1. Kass is fearless in her pursuit of fairness. Her advocacy work for kids with disabilities is the most gangster thing I’ve ever seen. As we’ve grown together, her work has intensified. What impresses me the most about this is that she consciously seeks to expand her knowledge of our community and of history. When we moved from Red Hook to Sunset Park, she immersed herself in the culture of the new neighborhood striving to learn as much as she could about Chinese and Mexican cultures. Many of our neighbors and students are from there, and who she has become in service to them is rooted in that learning. I love Kass because she understands that you cannot seek to make an impact on others unless you are boldly willing to be impacted by them.

    Word up.

    Word up.

  2. Kass gets that it is not just about us. She always reminds me that who we are and the the things that we enjoy are not ours alone. She sees that we are connected in intricate ways, not just to the people around us, but to history. Even in celebrating our anniversary, I was reminded that a small milestone like ours was made possible because of the incredible work of others. Notably, the Loving family, whose 1967 Supreme Court Case against the state of Virginia struck down the 1924 Racial Integrity act and made interracial marriage legal in the United States. We can never repay them, so what we owe them, we pay forward to the the LGBT community by continuing to work toward marriage equity. I love Kass because she understands our privilege. In that, she gets that no one is free if we are not all free. She is a fierce ally.
  3. Kass laughs (at me) a lot. As I’ve sought to learn with her and to be a good partner to her. I have made a lot of mistakes. I burn the rice. I don’t eat the vegetables (ever). I forget don’t want to clean the cat litter. I don’t wait outside the dressing room when I’m supposed to wait outside the dressing room. She has helped me to see that the world does not end when I fail, and together we’ve constructed some powerful lessons (and some incredible jokes) upon those failures. She is flexible and forgiving in her belief that one cannot know success without first knowing failure. I love Kass because she embodies the saying that “if you fall two times, get up three times.”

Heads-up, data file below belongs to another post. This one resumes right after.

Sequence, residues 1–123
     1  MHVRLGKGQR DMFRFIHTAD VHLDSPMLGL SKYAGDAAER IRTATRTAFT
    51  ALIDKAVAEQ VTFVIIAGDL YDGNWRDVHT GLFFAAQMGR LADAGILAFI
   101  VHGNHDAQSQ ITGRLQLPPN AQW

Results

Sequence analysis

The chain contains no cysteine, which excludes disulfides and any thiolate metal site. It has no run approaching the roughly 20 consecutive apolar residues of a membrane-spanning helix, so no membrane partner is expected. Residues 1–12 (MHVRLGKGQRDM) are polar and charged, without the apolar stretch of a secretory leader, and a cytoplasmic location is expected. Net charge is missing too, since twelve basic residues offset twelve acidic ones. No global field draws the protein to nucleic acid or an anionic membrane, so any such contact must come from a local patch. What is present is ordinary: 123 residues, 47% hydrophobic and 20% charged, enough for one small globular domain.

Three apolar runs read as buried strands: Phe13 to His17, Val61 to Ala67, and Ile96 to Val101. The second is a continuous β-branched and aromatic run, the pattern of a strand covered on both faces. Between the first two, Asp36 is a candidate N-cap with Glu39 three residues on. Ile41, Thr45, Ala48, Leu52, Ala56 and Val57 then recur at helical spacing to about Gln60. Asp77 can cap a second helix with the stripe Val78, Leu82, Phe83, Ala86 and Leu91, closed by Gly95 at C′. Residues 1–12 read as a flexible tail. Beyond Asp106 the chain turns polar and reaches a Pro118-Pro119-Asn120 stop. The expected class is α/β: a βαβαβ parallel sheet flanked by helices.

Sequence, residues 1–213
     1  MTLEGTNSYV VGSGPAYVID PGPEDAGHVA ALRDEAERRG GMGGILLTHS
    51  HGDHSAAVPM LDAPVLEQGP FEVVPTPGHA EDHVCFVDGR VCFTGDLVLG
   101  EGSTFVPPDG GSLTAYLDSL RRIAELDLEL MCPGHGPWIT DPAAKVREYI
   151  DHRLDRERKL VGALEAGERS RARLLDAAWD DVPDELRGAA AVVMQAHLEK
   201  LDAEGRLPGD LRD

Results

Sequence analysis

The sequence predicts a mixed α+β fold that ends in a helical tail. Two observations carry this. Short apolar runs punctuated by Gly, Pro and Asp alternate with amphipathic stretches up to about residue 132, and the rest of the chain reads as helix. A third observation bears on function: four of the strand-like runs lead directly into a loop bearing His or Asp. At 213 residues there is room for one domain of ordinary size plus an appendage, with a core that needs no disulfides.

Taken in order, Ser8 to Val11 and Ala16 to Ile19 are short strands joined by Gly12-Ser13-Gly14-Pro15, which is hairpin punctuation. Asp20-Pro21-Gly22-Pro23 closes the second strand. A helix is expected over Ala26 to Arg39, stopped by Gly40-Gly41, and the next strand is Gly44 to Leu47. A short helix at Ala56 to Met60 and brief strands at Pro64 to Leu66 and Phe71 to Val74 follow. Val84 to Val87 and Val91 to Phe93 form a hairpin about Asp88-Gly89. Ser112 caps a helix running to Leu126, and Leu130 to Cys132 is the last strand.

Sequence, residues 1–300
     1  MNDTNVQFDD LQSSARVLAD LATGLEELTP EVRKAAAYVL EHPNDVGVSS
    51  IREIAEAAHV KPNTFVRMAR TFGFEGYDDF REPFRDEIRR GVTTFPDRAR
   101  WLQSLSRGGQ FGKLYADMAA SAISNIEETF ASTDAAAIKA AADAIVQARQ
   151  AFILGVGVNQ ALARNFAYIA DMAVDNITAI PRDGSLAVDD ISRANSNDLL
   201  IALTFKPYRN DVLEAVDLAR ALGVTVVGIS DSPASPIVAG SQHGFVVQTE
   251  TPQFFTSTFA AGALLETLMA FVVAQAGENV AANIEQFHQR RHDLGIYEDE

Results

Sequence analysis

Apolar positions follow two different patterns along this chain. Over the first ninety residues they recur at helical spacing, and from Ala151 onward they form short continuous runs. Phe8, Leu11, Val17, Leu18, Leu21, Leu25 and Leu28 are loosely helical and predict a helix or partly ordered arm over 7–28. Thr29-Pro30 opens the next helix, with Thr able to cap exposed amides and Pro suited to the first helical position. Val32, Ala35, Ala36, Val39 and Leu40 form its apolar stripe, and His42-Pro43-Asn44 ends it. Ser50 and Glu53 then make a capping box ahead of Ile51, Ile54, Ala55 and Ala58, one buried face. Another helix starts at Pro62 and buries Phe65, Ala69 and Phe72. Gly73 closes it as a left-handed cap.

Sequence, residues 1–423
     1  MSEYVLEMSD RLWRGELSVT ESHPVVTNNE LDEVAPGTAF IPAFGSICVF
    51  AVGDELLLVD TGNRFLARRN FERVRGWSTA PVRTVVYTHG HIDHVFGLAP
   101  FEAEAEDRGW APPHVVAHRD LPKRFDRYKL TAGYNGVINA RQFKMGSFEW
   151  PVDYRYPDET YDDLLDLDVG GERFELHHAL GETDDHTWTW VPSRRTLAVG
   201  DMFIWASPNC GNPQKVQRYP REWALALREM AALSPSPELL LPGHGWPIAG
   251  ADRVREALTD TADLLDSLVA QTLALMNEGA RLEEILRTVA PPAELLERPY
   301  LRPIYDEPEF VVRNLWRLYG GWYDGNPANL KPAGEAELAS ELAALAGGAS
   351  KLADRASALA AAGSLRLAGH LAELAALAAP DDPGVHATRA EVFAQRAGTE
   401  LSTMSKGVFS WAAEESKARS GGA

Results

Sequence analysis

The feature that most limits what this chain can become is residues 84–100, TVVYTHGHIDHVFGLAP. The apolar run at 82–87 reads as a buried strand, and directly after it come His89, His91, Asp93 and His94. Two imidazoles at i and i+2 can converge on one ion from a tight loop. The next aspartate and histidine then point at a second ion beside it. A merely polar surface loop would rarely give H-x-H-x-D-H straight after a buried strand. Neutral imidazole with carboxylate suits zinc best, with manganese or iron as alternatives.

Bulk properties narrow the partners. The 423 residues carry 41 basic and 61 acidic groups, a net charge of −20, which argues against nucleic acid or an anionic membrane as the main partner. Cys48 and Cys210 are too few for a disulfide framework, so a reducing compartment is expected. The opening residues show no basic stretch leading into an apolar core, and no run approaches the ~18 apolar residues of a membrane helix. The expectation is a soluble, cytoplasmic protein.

Clearly, I’m a lucky dude.

This Mourning

Mr. Martin

This Mourning

July 14, 2013  |  Culture, Family  |  11 Comments

My favorite author, James Baldwin, once wrote “To be black and conscious in America is to be in a constant state of rage.” Since I was in 10th grade, those words have been scribbled on a post-it note attached to the screen of every computer I’ve owned.

James Baldwin's The Fire Next Time is one of my all-time favorites.

James Baldwin’s The Fire Next Time is one of my all-time favorites.

This morning, that rage is particularly intense. I have not been able to sleep since the NY Times news alerted my phone at 1:14 this morning – telling me that Zimmerman was acquitted in the killing of Trayvon Martin.

I knew that this was going to happen. I know America. Worse still, I know how race and class work in this country, and I know that the young are continually the victims of our inability to act responsibly as citizens and as change agents. I don’t need to recount the facts of Trayvon’s death or of the case here. There are hundreds of media outlets already doing that today.